Countless businesses use CIS Security Controls as their security framework, and here at Fresh Security, we’re one of them. The Center for Internet Security (CIS) is a non-profit dedicated to internet security. Its security controls methodology is comprehensive yet jargon-free, allowing medium-sized organizations to keep their data and networks safe in the easiest way possible.
What Are the Goals of the CIS Controls?
CIS - The Center for Internet Security. As you'd expect by the name, the main goal of the controls is to improve cybersecurity and help organisations run their IT processes with minimal risk. The CIS controls defend against problems companies face like hacking, online threats, and data loss. And give guidance on compliance and cybersecurity best practices.
But more specifically, the controls simplify implementing security processes for organisations and give them a resilient framework to follow. Companies could simply implement each of the eighteen controls and know they have maximum protection from the most common threats once everything is in place.
However, for small businesses especially, it can be daunting to figure all of this out for themselves. So the CIS guidance plays a much-needed role by offering a staged approach to the controls. Since there are various approaches for organisations of different sizes, every business can find a viable route to becoming more secure.
An important point is that the CIS controls focus on protecting an organisation's internal security systems rather than explaining how to defend against specific, detailed cyber-attacks. This means the CIS controls aren't fool proof and all-encompassing. Instead, they're a starting point to improve cybersecurity.
What Is the History of The CIS Controls?
CIS first started working on the controls back in 2008 alongside various governmental institutions, companies, and other organisations — it was a grassroots movement that sprang up due to the need for security.
The trigger was a security breach of the US defence base, which also took place in 2008. It was the most significant data loss a US military computer had ever seen. Therefore, it highlighted the importance of establishing solid cyber defence procedures.
The project began under the SANS Institute before switching to the Council on Cyber Security in 2013 and finally the Center for Internet Security in 2015. Now, the controls have a strong community that helps with peer-reviewing updates and creating new processes.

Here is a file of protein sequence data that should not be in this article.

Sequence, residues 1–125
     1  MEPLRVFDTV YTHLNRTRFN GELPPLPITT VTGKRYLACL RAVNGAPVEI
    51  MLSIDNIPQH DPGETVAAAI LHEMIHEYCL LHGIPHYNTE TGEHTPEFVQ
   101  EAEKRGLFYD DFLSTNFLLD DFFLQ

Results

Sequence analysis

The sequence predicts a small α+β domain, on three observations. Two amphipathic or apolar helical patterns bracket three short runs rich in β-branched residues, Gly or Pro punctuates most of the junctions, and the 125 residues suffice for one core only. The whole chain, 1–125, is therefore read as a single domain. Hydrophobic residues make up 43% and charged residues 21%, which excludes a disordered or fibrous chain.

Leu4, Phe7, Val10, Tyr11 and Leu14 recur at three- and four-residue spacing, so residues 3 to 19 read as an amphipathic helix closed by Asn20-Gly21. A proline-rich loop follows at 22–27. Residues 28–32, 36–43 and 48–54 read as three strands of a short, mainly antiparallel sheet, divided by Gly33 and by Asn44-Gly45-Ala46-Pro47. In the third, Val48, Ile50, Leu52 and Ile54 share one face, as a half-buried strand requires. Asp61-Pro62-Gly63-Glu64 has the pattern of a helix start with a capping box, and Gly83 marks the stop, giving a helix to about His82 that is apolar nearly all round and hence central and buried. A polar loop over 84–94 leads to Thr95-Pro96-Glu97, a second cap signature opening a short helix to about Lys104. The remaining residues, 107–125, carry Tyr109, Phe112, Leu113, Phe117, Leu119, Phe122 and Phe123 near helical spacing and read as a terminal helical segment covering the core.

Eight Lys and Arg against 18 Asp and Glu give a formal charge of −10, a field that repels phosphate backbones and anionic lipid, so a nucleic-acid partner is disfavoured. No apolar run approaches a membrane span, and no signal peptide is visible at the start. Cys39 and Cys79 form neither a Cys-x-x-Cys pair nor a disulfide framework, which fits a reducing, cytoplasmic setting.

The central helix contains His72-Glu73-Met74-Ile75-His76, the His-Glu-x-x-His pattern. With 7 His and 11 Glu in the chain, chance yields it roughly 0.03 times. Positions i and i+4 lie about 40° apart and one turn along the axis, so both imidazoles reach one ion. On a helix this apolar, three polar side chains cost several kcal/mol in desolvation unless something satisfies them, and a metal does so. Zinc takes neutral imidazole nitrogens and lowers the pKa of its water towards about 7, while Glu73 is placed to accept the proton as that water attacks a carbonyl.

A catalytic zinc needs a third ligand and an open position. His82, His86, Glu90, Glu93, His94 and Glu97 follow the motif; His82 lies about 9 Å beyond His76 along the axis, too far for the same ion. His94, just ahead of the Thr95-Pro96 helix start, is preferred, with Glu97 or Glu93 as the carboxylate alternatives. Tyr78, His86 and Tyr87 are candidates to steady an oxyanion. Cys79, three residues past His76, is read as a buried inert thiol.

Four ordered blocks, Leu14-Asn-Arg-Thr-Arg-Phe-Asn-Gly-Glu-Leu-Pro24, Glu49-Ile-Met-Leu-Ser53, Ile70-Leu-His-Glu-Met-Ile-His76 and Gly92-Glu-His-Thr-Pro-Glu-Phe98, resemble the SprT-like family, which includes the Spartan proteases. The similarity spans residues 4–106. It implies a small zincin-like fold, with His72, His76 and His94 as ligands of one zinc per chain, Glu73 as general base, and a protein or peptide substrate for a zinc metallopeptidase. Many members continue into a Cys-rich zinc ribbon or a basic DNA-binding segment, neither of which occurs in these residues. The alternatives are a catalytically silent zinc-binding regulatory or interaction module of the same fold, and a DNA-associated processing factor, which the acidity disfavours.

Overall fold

Since then, the controls we know now have existed in various forms. We're currently on CIS controls v8, released in May 2021. There are 18 controls, compared to the previous version, which featured twenty. Each new version of the controls takes steps to adapt to the latest technological advances.
Let’s have a quick overview of what they are and why they matter.
CIS Control 1: Inventory and Control of Enterprise Assets
Control number one focuses on enterprise assets, a category that includes Internet of Things devices and all hardware. Previous versions of the CIS controls only cared about servers, which was too limiting for today’s infrastructure.
The control is all about recording, monitoring, and maintaining an inventory of assets as part of an active management process.
CIS Control 2: Inventory and Control of Software Assets
Control two aims to do the same thing as the previous but focuses on software assets instead. These software assets are applications you install and use every day (e.g. Microsoft Office or Slack) and operating systems installed on your laptop or tablet.
This way, any software that isn’t authorized can be found early on and prevented from causing damage.
CIS Control 3: Data Protection
Possibly one of the most self-explanatory and straightforward requirements, data protection involves identifying and managing data throughout its lifecycle and then disposing of it when necessary.
This is done by creating technical controls and processes that make it easy to keep tabs on your collected and generated information.
CIS Control 4: Secure Configuration of Enterprise Assets and Software
We’re back to enterprise assets and software. But this time, the focus is on setting everything up correctly and ensuring that it remains secure.
Although some software and enterprise assets come already configured, the default configurations usually aren’t optimal for security. So this control is essential to make sure they’re doing what you expect them to.
CIS Control 5: Account Management
This control is about knowing who you are and identifying the people in your team. Account management helps prevent unauthorized people from accessing a system through genuine (yes, genuine) user credentials.
Managing accounts with the right processes and monitoring tools helps to ensure everything remains secure, especially accounts with special privileges (like administrators).
CIS Control 6: Access Control Management
We’re now moving on from managing the accounts themselves to managing what each account can access. This gives an extra level of protection to your system. There’s no reason for an account to have access to more than what is necessary, the bare minimum.
CIS Control 7: Continuous Vulnerability Management
Vulnerabilities in a system can let the “bad guys” in. Unfortunately, vulnerabilities are constantly changing and need constant updates and patches.
Be one step ahead by evaluating and tracking your vulnerabilities continuously — and taking action to fix them.
CIS Control 8: Audit Log Management
Auditing might not be the most glamorous activity in the world. But it’s one of the most important for understanding what’s happened and what can be learned from it — especially after an attack takes place.
The more quickly records can be analyzed, the easier it is to identify malicious activity.
CIS Control 9: Email and Web Browser Protections
Web browsers and emails are where organizations spend the bulk of their time, but they also make a good entry point for attacks.
Special efforts should be made to keep them secure and prevent threats.
CIS Control 10: Malware Defences
Without the right processes in place, malware can spread through software or enterprise assets and wreak havoc. Since it usually enters through vulnerabilities, defences must be dynamic enough to detect the malware quickly, so automation is essential.
CIS Control 11: Data Recovery
Few things are worse than the prospect of losing all your data or having it corrupted by attackers, but if it does happen, it’s important to know there’s a way to get it back.